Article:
Published in: Credit Cards | Nov. 20, 2018
The Average American's Debt Balances: Anything Look Familiar?
By: The Ascent Staff
Americans have a lot of debt. That probably comes as no surprise, because you probably owe money, too.
Most of us owe money on some combination of mortgages, student loans, cars, and credit cards. Medical debts and personal loans are pretty common, too. While being in debt is normal, you may be wondering how your debt compares to your peers'. And now, you can find out thanks to the 2017 State of Credit report from Experian. Here are a few key findings from that report, along with some tips on what you can do if your debts are higher than you'd like.
Image source: Getty Images.
How high is the bill?
According to Experian, in 2017:
- The average mortgage debt was $201,811.
- The average non-mortgage debt per household was $24,706.
- The average student loan balance was $34,144, which is a new record.
- The average balance on credit cards was $6,354. Average credit card debt jumped 2.7% over the course of 2017, with Gen X-ers and millennials seeing the largest increases.
- The average balance on retail cards was $1,841. Balances rose 4% over the year.
As Experian explained, "average" doesn't always mean "typical": There are big regional differences in mortgages, and some households have high credit card balances but pay them off each month, while others carry a big balance for months or even years.
Still, the report shows that most Americans owe a lot of money. In fact, it indicated that debt in America hit $1.02 trillion in June 2017, which is an all-time high.
Experian's report also shows that a lot of Americans are having a hard time repaying debts. One in three student loan borrowers has been late on a payment in the past year, while 7.5% of credit card debt was delinquent by at least 90 days in the third quarter of 2017.
What can you do about debt?
If you're one of the millions of Americans with growing debt, here are some things you can do.
First things first: Decide how aggressively you actually want to pay down debt. Not all debt is created equal, and paying off debts like a mortgage or a student loan ahead of schedule may not make sense if your loans are at a low rate and you can get higher returns by investing. You also don't want to prepay student loan debt if you could potentially qualify for loan forgiveness by working in public service.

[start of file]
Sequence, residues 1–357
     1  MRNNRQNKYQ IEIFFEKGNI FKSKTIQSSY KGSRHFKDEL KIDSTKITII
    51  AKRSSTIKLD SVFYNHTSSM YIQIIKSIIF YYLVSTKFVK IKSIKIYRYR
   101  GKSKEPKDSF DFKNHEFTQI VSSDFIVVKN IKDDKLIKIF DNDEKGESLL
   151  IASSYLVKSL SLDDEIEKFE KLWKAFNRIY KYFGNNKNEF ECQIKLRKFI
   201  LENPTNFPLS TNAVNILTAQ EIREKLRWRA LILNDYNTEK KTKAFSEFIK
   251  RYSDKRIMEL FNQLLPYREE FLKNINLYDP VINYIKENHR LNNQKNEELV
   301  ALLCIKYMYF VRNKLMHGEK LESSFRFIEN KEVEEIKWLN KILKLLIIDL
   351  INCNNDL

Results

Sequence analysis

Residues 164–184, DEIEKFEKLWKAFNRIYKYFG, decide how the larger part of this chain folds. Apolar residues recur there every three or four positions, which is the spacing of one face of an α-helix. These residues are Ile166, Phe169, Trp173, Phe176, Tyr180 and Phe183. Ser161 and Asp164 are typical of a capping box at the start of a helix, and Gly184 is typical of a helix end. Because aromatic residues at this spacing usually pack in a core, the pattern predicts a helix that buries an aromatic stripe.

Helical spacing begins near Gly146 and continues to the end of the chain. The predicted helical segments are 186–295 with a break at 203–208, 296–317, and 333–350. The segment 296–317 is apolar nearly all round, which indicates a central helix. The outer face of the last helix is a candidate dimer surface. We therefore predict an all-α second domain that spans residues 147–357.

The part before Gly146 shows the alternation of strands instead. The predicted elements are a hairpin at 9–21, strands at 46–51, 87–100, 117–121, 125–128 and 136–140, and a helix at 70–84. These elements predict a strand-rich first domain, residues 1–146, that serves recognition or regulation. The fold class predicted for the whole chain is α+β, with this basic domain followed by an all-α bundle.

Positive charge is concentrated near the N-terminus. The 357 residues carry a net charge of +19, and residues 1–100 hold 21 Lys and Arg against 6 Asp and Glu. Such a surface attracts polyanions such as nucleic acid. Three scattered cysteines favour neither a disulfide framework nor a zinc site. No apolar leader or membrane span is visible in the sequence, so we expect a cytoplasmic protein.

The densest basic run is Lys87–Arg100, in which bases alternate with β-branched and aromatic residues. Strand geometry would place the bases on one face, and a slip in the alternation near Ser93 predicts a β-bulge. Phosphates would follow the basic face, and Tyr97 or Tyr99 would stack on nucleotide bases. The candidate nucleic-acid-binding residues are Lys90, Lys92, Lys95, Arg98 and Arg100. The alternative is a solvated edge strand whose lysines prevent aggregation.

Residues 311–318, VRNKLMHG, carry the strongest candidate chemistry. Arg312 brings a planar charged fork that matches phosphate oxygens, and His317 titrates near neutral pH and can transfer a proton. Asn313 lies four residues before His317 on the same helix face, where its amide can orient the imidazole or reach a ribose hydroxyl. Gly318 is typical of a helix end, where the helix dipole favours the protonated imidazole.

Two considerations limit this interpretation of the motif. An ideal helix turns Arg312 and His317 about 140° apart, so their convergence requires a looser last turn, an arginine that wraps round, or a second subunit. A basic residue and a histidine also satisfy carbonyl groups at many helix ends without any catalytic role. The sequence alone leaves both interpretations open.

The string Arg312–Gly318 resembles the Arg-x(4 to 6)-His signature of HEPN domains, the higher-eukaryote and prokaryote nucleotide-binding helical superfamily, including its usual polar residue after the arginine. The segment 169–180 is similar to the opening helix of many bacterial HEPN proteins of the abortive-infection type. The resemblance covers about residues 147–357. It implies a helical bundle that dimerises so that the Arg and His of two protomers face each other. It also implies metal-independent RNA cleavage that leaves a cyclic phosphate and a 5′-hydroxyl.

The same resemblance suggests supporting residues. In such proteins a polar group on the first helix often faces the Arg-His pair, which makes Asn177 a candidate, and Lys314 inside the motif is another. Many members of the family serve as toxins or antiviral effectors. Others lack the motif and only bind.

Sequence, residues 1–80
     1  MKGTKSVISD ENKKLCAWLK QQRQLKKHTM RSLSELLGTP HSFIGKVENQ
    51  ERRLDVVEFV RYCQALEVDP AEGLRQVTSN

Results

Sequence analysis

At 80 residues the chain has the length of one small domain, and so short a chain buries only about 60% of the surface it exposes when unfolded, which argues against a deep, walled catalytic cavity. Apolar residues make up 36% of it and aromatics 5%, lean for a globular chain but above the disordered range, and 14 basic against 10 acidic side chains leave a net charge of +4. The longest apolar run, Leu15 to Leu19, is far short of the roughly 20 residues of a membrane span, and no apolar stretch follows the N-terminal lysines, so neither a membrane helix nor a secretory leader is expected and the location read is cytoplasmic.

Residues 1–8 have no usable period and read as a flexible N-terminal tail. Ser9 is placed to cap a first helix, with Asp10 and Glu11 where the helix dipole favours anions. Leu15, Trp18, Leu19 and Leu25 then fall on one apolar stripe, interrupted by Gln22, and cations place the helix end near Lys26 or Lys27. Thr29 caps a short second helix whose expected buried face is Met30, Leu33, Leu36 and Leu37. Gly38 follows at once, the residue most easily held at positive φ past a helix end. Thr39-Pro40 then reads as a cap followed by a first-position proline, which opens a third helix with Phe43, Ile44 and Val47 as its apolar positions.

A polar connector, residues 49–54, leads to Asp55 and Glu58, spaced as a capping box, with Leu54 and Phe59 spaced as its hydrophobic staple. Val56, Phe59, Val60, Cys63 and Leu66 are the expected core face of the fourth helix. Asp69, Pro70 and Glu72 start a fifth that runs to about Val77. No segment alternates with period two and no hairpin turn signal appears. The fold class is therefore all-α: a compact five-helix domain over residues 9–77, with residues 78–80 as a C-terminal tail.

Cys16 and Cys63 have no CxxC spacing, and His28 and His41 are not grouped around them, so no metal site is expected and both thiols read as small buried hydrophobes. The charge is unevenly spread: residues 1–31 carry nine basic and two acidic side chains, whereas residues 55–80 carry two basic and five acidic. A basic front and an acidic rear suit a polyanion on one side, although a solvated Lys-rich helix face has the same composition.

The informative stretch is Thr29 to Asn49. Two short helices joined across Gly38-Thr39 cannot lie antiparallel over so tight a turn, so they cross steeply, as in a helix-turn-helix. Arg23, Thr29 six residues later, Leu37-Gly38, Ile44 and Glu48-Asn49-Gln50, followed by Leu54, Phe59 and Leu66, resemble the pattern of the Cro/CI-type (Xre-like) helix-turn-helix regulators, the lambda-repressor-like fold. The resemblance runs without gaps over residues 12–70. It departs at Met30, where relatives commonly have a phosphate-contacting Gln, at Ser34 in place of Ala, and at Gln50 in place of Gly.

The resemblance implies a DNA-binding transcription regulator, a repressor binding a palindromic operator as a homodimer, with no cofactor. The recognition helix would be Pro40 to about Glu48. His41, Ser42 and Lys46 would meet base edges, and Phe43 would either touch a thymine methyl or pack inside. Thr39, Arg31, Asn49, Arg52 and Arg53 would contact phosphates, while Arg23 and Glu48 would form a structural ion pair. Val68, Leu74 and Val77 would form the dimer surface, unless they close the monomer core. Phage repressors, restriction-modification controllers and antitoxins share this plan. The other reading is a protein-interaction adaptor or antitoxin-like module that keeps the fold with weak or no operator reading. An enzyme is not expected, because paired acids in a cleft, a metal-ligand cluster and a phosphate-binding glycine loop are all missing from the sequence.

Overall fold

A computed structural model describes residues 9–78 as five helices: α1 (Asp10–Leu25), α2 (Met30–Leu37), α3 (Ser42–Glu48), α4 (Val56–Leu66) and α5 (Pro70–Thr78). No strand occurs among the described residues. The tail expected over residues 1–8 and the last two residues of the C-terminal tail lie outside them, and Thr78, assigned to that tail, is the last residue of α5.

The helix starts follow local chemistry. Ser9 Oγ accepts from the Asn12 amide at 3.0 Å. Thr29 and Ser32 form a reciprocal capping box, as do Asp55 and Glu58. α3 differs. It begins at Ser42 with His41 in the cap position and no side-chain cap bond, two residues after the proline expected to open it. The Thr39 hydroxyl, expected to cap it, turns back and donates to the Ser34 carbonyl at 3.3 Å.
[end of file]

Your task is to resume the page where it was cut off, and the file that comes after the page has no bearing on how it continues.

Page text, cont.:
However, you should do your best to pay off "bad" debt as soon as possible. Auto loans fall in the "bad" category because you're paying interest on a depreciating asset, and credit card debt should be prioritized because of its high interest rates. Paying off these debts as soon as possible can save you huge sums of money in the long run.
The debt snowball involves paying as much extra money as you can toward your debt with the lowest balance, while making just minimum payments on everything else. Once the lowest balance is paid off, redirect all the money you were putting toward that debt -- plus any extra you can -- to the debt with the next-lowest balance. Then keep going until all debts are paid off.
The math on the debt snowball method may not make sense if you have debts with very high interest rates. In these circumstances, you may want to devote as much extra cash as you can toward your high-interest debt until it's gone. However, research has shown that small wins keep you motivated, so you may want to try other tricks to stay on track if you choose this approach -- like making a visual depiction of your debt using a debt thermometer and coloring in the amount you've repaid.
Whichever approach you take, the most effective method of debt repayment usually starts with making a budget so you can find ways to cut spending and put the savings toward your debt. The less you spend, the faster you can dig your way out of the hole.
You'll also want to build up an emergency fund to cover unexpected costs so you can avoid going back into debt.
You don't have to be average about debt
While having debt is normal, you don't have to be average when it comes to credit cards and consumer debt. You can decide to pay cash for reliable unused cars instead of continually taking out new-car loans as soon as your old vehicle is paid off, and you can make a commitment to get out of credit card debt and not get back into it.
While it may take a little time, being free of consumer debts -- even if you decide not to prepay your mortgage and student loans -- can give you a lot more money to invest for the future.
You'll also have peace of mind knowing you don't owe creditors any money, and default isn't something you'll have to worry about if you hit any bumps in the road.
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